Who’s Who in 2012: The Flying Squirrel


Gabrielle Douglas (Gabby) is affectionately known as the flying squirrel. And the girl can FLY! Her bars are definitely the best in the US. She is exciting to watch on bars because instead of gaining difficulty with lots of pirouettes and other things we KNOW are really hard but don’t actually look that impressive, she does high flying release moves.

And it’s not just on bars! She flies high in her leaps, in her tumbling and on vault.

And the girl can be squirrely. (Urban Dictionary:  hyper or energized, goofy or playful; when a skate/snowboarder makes a sketchy landing). You never quite know what to expect. She is full of energy, her playful personality shines through her routines, and she may or may not hit her landings on everything but bars. She has incredible athletic talent on every event. If she is able to focus and keep on track, she is a strong contender for the All Around Gold. Even with a fall, Gabby only trailed Wieber by a few tenths. If she hits, she could take the gold.

Gabby is considered a lock for the Olympic team based on her bars. If she shows consistency at trials and in podium training, she has the difficulty to be used in team finals on any of the events. She is moving in that direction, showing a huge improvement in consistency and hitting routines at Visas (even with a fall, her other 7 routines were great).

Me and Natalie Hawkins (Gabby’s mom) in the stands.

Gabby is really beginning to feel comfortable in the spotlight and let her personality shine through. Instead of the standard interview, Gabby gives answers that really show who she is… and what she is thinking. She gave one of my all time favorite interviews after prelims to Gymnastike.

I ended up sitting behind her mom (who was delightful to chat with) in the stands at Visas on day two. When I mentioned loving the interview and how much Gabby cracks me up, she buried her head in her hands shaking it and said, “She gets that from her brother. She always keeps us laughing.”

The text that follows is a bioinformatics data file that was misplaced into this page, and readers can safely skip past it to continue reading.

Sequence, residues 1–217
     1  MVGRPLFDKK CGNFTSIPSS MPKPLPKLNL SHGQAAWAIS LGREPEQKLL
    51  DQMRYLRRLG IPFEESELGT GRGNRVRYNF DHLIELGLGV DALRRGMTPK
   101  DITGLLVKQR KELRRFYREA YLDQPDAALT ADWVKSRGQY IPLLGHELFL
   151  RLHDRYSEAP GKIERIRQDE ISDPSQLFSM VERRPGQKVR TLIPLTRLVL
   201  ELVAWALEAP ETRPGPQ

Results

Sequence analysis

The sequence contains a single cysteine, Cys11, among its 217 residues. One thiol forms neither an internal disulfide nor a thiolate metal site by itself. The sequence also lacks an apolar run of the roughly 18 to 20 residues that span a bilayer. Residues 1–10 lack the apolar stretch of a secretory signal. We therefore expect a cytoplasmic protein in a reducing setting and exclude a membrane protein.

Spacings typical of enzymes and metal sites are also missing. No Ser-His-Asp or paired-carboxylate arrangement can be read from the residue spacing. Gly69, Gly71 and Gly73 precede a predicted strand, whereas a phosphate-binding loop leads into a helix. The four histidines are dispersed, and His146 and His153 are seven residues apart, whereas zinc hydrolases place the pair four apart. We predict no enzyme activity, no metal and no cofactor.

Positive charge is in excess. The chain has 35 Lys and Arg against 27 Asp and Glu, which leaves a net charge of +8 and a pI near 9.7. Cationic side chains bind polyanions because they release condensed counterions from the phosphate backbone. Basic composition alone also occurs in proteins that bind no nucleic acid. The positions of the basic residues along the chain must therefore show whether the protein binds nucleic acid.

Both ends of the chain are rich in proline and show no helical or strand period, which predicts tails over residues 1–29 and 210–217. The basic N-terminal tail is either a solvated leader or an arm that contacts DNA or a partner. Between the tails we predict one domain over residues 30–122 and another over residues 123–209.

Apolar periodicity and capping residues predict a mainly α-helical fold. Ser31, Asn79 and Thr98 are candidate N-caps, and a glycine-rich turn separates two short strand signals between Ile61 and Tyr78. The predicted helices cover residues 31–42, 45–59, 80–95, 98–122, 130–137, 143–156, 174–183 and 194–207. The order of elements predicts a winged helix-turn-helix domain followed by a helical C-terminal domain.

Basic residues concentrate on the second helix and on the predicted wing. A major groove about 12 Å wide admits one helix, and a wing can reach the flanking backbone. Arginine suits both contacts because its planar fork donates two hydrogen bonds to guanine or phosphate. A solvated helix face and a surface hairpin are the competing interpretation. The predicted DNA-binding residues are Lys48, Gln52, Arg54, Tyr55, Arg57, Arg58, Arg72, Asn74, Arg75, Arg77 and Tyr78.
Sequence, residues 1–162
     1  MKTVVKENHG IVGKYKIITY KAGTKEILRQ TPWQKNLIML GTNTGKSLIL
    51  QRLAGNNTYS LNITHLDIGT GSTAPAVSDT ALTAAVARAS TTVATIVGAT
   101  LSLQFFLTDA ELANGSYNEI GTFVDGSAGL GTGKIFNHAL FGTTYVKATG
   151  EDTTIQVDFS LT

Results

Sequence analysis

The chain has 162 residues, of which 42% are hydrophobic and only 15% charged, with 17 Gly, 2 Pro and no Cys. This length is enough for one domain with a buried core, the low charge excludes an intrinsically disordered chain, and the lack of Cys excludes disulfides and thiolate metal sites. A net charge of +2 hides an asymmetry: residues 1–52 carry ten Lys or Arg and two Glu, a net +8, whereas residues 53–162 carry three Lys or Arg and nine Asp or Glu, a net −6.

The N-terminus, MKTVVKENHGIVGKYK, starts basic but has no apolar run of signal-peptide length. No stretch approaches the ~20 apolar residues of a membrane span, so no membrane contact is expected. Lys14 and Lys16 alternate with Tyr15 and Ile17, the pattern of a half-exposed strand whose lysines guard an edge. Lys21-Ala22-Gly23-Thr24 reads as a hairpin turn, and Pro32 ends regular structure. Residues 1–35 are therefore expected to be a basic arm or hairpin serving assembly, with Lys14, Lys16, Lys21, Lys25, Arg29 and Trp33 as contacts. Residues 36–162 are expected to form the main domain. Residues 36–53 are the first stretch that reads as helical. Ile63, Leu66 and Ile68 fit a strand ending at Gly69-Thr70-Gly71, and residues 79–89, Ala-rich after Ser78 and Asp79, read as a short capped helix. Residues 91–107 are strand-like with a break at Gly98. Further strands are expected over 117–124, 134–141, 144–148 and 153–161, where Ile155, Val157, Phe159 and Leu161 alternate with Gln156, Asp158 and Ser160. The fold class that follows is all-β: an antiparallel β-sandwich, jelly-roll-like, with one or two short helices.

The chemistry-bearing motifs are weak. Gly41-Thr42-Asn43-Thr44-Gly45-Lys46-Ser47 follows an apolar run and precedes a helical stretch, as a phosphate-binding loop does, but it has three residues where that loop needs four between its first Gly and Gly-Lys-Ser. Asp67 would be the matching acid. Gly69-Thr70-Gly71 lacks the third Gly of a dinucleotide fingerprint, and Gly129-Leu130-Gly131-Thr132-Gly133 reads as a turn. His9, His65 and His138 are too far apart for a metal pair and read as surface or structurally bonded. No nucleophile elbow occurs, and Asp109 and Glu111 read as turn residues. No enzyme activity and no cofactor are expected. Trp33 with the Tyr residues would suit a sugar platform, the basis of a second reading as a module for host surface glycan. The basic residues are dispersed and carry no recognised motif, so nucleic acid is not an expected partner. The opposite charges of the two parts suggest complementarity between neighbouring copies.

June: US Women’s Olympic Team Pick


Back in April I decided to pick a team after each major competition – who I would send if we had to send a team right then. I assumed that team would change each month. That apart from Jordyn Wieber and Gabby Douglas it would shift with different combinations of people. Our field of athletes and potential Olympians is so deep, how could it not?

But, it hasn’t. Competition after competition, these are the girls and the combination that keeps coming out on top. Every which way you arrange the puzzle and do the math, this is your best bet for dependable, high scoring routines. And so, my team remains the same. And here is their introduction, along with the events I would put them on in team finals.

Jordyn Wieber, Gabby Douglas, Aly Raisman, Kyla Ross and McKayla Maroney.

  • Vault: GD, JW, MM
  • Bars: JW, KR, GD
  • Beam: AR, KR, JW
  • Floor: GD, JW, AR

Wieber, Douglas and Raisman are considered locks for the team barring injury by most in the gymnastics world.  This seems to include Martha Karolyi as she stated two spots were interchangeable (mean three were basically set). (Gym Examiner) They are the top three all-arounders each having a legitimate chance to make the all around podium in London and bring consistently high scores on each of their specialties for the team competition (Wieber: Vault, Beam and Floor; Douglas: Bars; Raisman: Beam and Floor). With these three in the mix, you need someone who can contribute on bars and beam and then one other gymnast who brings enough value on one or more events to replace the lowest score of the first three.

In contention to contribute on bars are Ross, Rebecca Bross, Bridget Sloan, Anna Li, Elizabeth Price, and Nastia Liukin. Ross can also contribute on beam and Bross, Liukin and Sloan are trying to make a case that they can as well. Price could make a huge contribution on vault in addition to bars. Ross, Price and Sloan are also all arounders, so they can step in at any point if in a pinch. Of this field, Ross is by far the most prepared and consistent. Li has the highest scoring potential but needs to prove that she can hit the routine consistently. Bross is just about even on bars with Ross, but has not shown consistency on beam. Liukin is a wildcard. She did not show bars at Visa’s that would put her on any team. It will really depend on how much she can improve in three weeks. Yes, of this grouping Ross is currently the consistent clear choice.